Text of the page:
Also: hey, after constant 24/7 propaganda telling the public that they would drop dead if they stepped foot outside of their houses for months they aren't going out as much. I wonder why . . . . Maybe an app will help?

    1. Aristotles slow and dimwitted horse Silver badge

      Yeah yeah, maybe. But even before the pandemic obesity and lack of regular exercise was being portended and scare-mongered as the next great human pandemic. I'm just not sure how an app is going to motivate those who choose to live a low exertion lifestyle to change their ways, if indeed there is really any requirement for them to do so.

      Then again, and to paraphrase a wise old sage "better to do than do not" and as an active triathlete I might even give this a look myself when it is released.

      1. Anonymous Coward
        Anonymous Coward

        the problem is Obesity is a symptom not a condition.

        To handle it requires inentifiying and rectifying what ever the underlying condition that lead to the problem in the first place.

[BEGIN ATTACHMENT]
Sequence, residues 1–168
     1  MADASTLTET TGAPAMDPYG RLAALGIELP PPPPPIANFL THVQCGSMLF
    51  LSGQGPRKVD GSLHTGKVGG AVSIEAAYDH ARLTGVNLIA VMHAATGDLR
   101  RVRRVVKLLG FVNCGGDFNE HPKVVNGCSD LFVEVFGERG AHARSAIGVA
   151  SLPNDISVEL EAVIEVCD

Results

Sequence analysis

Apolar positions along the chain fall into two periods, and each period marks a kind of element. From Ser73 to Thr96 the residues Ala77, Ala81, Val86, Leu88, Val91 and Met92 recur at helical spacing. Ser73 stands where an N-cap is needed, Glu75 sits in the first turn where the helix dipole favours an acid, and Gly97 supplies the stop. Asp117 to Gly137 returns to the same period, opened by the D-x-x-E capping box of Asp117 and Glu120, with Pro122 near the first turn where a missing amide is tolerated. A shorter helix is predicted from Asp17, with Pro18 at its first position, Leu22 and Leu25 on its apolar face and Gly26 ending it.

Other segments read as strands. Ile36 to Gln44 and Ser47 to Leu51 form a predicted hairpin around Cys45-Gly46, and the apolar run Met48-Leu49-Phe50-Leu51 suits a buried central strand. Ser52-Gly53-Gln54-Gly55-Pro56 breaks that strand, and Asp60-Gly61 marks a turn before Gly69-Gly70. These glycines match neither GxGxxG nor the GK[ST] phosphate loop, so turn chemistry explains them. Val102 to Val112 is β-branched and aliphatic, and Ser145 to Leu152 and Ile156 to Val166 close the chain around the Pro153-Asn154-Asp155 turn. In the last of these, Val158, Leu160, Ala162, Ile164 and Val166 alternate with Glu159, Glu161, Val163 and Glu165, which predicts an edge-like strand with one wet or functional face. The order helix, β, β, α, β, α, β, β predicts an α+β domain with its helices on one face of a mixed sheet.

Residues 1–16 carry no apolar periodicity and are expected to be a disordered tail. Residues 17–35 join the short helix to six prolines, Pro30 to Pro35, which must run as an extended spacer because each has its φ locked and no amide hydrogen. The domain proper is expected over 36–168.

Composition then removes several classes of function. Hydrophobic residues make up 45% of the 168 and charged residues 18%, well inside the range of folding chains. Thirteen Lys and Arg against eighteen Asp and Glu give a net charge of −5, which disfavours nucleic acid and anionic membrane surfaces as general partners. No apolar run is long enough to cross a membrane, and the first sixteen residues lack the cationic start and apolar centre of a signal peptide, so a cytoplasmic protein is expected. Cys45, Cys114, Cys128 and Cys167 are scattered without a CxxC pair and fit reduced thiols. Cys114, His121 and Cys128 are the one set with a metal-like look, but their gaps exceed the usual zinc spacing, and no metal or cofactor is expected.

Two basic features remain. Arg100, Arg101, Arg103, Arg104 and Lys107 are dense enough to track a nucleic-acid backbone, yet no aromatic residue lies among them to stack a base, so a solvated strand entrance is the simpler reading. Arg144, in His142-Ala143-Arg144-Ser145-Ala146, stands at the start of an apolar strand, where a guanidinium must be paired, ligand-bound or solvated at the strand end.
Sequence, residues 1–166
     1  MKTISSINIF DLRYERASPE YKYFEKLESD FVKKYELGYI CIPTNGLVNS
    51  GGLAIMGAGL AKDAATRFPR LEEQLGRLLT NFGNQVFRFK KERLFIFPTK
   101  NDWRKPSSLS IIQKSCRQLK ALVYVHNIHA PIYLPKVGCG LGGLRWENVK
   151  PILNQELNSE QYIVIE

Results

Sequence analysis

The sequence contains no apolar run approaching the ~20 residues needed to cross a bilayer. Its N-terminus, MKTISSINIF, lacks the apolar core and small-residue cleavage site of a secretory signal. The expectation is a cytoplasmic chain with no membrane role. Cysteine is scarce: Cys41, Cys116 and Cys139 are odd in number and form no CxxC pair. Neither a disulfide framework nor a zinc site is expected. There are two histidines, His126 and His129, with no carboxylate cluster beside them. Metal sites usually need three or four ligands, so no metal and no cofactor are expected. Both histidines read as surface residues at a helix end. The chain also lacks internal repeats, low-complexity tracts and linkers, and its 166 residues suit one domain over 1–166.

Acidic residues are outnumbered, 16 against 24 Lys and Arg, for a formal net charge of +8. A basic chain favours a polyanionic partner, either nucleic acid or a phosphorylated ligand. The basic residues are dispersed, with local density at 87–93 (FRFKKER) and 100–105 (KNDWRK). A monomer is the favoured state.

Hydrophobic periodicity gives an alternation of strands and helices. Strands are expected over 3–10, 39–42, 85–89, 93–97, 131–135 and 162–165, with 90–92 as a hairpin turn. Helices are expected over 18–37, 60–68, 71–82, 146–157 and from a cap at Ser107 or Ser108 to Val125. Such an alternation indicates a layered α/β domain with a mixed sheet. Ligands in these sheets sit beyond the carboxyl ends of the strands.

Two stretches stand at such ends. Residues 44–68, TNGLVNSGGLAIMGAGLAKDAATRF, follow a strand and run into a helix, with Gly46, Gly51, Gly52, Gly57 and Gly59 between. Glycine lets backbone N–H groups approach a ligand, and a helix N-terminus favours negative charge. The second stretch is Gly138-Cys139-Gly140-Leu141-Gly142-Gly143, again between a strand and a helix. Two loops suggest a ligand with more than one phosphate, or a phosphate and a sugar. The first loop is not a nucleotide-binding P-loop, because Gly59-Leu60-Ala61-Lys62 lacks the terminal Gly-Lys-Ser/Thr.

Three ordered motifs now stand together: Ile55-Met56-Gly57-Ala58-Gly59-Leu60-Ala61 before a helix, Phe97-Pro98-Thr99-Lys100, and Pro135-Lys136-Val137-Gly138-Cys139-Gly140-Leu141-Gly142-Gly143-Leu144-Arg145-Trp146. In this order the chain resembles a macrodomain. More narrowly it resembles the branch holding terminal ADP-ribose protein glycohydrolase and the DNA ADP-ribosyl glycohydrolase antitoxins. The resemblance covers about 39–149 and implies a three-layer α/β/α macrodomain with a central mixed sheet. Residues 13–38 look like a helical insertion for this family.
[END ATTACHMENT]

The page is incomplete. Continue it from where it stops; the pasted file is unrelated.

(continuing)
The current GP system (10 minute appointment, 1 problem only) does not allow for adequate discussion to identify, let alone cure the issue.

        in a lot of cases, due to workload its come down to this simple graph:

        Does patient have visible injury --Y--> send to hospital

        Does patinet have soft tissue injury --Y--> send to Physio

        Does Pt Smoke --Y--> Stop smoking

        Does Pt Drink --Y--> Stop Drinking

        Does Pt Have high BMI --Y--> Lose weight

        Pt is depressed prescribe AD

    2. Anonymous Coward
      Anonymous Coward

      "You should only leave the house for very limited reasons. . ."

      One of the specified "limited reasons" is to take exercise (unlimited amounts this time). A short drive is also permitted (this was unclear in the first lockdown). Hence why others are saying how nice it would be to know about footpaths in their local area.

      Half the country seemed to take up jogging during the first lockdown. I'm not surprised that it's less popular this time around, what with the seemingly endless rain, and shorter days.

    3. Cuddles Silver badge

      If you read the article a little more closely, you may notice that the tender notice was published in January. As annoying as the pandemic might be right now, it is not responsible for 2/3 of adults in the UK being overweight, and nearly 1/3 being clinically obese. The problem is not that people aren't currently going outside as much as they used, it's that they were never going outside in the first place. Whether turning maps into a game will actually do anything to help that may be up for debate, but it certainly makes no sense at all to criticise an organisation for thinking beyond the current mess and working on a different problem that existed well before and will continue to exist well after.